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Nonalcoholic Fatty Liver Disease/Metabolic Associated Fatty Liver Disease: New Insights 3.0

A special issue of International Journal of Molecular Sciences (ISSN 1422-0067). This special issue belongs to the section "Molecular Endocrinology and Metabolism".

Deadline for manuscript submissions: 28 June 2024 | Viewed by 5334

Special Issue Editors


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Guest Editor
Hypertension and Liver Unit, Section of General Medicine, University of Verona, Verona, Italy
Interests: liver diseases; NAFLD; metabolic syndrome; cardiovascular complication in liver disease
Special Issues, Collections and Topics in MDPI journals

Special Issue Information

Dear Colleagues,

Nonalcoholic fatty liver disease (NAFLD) is an important health care problem worldwide. It affects 30% of adults in the general population, 70% of patients with type 2 diabetes (T2DM), and all patients with obesity. Importantly, NAFLD is now the second most frequent indication for liver transplantation in the United States. In the last several decades, it has become evident that NAFLD is not only associated with serious liver-related complications but also with relevant metabolic, cardiovascular, and renal complications. Although the pathogenesis of NAFLD is complex, it was established that NAFLD is strongly linked to insulin resistance, abdominal obesity, and T2DM. Based on this evidence, in 2020, some authors have proposed the change of the terminology from NAFLD to metabolic-associated fatty liver disease (MAFLD), as well as an update of the definition of this fatty liver disease. Regardless of the terminology used, however, it is clear that NAFLD/MAFLD is a dynamic disease, characterized by many factors that change over time. In this regard, specific phenotypes of NAFLD/MAFLD may be broadly driven by environmental factors, genetic predisposition, or metabolic factors.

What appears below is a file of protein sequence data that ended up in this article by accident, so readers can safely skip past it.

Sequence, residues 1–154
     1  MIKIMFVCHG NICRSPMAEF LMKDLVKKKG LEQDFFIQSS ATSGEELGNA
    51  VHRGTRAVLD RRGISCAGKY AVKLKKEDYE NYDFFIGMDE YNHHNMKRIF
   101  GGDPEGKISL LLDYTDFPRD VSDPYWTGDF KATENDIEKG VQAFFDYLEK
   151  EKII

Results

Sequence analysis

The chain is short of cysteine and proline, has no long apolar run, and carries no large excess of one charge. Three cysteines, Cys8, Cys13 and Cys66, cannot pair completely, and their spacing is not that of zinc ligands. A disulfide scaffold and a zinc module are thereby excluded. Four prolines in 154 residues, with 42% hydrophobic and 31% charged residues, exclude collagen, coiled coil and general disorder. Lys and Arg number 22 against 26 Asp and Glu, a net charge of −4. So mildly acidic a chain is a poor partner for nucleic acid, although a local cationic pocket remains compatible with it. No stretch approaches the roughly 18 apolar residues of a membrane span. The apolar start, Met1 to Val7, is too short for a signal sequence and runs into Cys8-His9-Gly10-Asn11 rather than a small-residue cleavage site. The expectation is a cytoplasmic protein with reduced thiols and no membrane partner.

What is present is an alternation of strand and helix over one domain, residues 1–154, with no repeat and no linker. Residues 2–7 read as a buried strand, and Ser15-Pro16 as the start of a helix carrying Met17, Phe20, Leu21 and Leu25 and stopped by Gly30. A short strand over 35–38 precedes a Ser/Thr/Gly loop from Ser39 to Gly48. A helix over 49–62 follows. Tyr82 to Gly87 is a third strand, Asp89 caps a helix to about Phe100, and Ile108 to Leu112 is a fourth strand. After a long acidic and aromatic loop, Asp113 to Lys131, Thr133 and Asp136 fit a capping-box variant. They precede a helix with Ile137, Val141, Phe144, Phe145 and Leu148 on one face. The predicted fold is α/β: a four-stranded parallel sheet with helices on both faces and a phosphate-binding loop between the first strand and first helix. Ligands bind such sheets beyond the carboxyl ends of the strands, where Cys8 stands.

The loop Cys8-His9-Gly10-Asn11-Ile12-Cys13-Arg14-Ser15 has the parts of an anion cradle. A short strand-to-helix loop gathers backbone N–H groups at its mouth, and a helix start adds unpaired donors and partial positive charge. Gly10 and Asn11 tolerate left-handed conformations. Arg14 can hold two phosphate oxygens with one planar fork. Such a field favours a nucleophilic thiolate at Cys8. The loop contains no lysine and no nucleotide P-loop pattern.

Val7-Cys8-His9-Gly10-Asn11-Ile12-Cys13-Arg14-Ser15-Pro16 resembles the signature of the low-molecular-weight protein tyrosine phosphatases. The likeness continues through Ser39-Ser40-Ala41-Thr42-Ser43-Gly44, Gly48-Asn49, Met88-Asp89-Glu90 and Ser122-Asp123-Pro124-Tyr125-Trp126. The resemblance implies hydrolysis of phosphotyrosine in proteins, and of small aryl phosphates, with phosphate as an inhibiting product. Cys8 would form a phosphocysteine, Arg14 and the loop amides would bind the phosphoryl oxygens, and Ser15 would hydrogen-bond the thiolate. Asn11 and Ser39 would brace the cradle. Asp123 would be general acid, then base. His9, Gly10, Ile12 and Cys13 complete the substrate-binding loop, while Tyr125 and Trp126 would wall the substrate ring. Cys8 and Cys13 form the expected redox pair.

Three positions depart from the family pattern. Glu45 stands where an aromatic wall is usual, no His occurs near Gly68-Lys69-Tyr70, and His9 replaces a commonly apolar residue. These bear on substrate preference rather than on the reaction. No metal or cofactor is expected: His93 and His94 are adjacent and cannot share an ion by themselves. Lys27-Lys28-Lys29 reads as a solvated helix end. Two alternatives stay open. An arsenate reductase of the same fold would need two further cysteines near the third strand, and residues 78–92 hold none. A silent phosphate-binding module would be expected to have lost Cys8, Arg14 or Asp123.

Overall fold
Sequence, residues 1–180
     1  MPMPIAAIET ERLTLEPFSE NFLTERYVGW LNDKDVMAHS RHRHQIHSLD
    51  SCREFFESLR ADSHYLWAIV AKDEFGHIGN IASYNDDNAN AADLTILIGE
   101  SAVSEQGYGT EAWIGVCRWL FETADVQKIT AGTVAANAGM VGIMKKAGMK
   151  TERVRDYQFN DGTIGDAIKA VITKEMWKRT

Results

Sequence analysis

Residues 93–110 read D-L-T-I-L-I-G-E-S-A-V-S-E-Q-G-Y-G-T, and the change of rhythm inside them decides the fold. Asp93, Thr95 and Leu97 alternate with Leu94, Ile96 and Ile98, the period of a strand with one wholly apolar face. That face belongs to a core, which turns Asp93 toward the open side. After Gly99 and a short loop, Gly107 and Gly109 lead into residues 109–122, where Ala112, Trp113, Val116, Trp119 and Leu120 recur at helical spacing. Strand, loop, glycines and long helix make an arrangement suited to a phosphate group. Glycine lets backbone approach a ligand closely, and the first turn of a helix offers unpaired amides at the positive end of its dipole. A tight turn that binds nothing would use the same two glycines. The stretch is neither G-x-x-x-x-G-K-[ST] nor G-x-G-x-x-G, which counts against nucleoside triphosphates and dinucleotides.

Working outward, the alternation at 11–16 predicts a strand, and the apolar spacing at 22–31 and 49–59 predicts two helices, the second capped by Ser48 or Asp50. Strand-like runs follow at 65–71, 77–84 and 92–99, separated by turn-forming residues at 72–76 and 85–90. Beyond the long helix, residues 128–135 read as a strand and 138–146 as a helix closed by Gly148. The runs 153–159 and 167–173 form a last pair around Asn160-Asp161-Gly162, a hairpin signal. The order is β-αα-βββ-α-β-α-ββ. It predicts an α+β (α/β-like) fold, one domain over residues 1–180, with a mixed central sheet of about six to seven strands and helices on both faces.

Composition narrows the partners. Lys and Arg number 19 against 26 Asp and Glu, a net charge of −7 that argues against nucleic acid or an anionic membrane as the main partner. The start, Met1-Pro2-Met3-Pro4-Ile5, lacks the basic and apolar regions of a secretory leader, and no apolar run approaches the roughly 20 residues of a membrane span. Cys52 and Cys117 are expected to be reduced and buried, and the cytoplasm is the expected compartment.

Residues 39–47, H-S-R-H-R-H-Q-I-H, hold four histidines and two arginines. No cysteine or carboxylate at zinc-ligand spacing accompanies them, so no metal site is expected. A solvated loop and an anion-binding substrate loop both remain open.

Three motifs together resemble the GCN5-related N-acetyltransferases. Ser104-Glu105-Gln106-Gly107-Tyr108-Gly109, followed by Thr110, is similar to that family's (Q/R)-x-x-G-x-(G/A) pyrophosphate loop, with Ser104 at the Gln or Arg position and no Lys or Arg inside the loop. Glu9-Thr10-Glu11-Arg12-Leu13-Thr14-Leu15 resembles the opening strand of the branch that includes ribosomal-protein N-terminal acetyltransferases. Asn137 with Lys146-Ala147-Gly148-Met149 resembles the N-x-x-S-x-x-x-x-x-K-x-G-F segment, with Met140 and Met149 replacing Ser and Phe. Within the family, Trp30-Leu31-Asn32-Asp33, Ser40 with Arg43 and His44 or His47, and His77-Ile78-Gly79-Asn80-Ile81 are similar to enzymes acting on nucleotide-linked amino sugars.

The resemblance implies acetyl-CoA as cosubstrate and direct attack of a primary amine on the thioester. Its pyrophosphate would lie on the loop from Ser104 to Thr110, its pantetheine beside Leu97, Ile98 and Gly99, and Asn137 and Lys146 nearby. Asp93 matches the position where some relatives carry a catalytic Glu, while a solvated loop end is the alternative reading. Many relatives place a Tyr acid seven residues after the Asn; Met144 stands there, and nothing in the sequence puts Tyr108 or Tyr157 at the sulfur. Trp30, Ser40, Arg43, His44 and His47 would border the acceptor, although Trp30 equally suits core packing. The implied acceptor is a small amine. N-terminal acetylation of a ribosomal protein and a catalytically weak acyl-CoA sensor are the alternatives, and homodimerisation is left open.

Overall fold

This Special Issue of the International Journal of Molecular Sciences will focus on recent developments in the area of NAFLD/MAFLD pathogenesis and treatment, as well as new insights into the mechanisms and therapies for NAFLD/MAFLD. It will cover a selection of recent research topics and current review articles in the field of NAFLD/MAFLD. Experimental papers, up-to-date review articles, and commentaries are all welcome.

Dr. Andrea Dalbeni
Dr. Alessandro Mantovani
Guest Editors

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Keywords

  • nonalcoholic fatty liver disease (NAFLD)
  • metabolic associated fatty liver disease (MAFLD)
  • nonalcoholic steatohepatitis (NASH)
  • fatty liver
  • cardiovascular disease

Published Papers (4 papers)

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Research

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11 pages, 465 KiB  
Article
Glomerular Hyperfiltration: A Marker of Fibrosis Severity in Metabolic Associated Steatotic Liver Disease in an Adult Population
by Andrea Dalbeni, Marta Garbin, Mirko Zoncapè, Sara Romeo, Filippo Cattazzo, Anna Mantovani, Annalisa Cespiati, Anna Ludovica Fracanzani, Emmanouil Tsochatzis, David Sacerdoti, Alessandro Mantovani and Rosa Lombardi
Int. J. Mol. Sci. 2023, 24(21), 15837; https://doi.org/10.3390/ijms242115837 - 31 Oct 2023
Cited by 2 | Viewed by 1012
Abstract
Glomerular hyperfiltration (GH) is an increase in the glomerular filtration rate, possibly progressing to chronic kidney disease (CKD). Metabolic-associated steatotic liver disease (MASLD) is linked to an increased risk of CKD, especially if fibrosis is present; however, the association between GH and MASLD [...] Read more.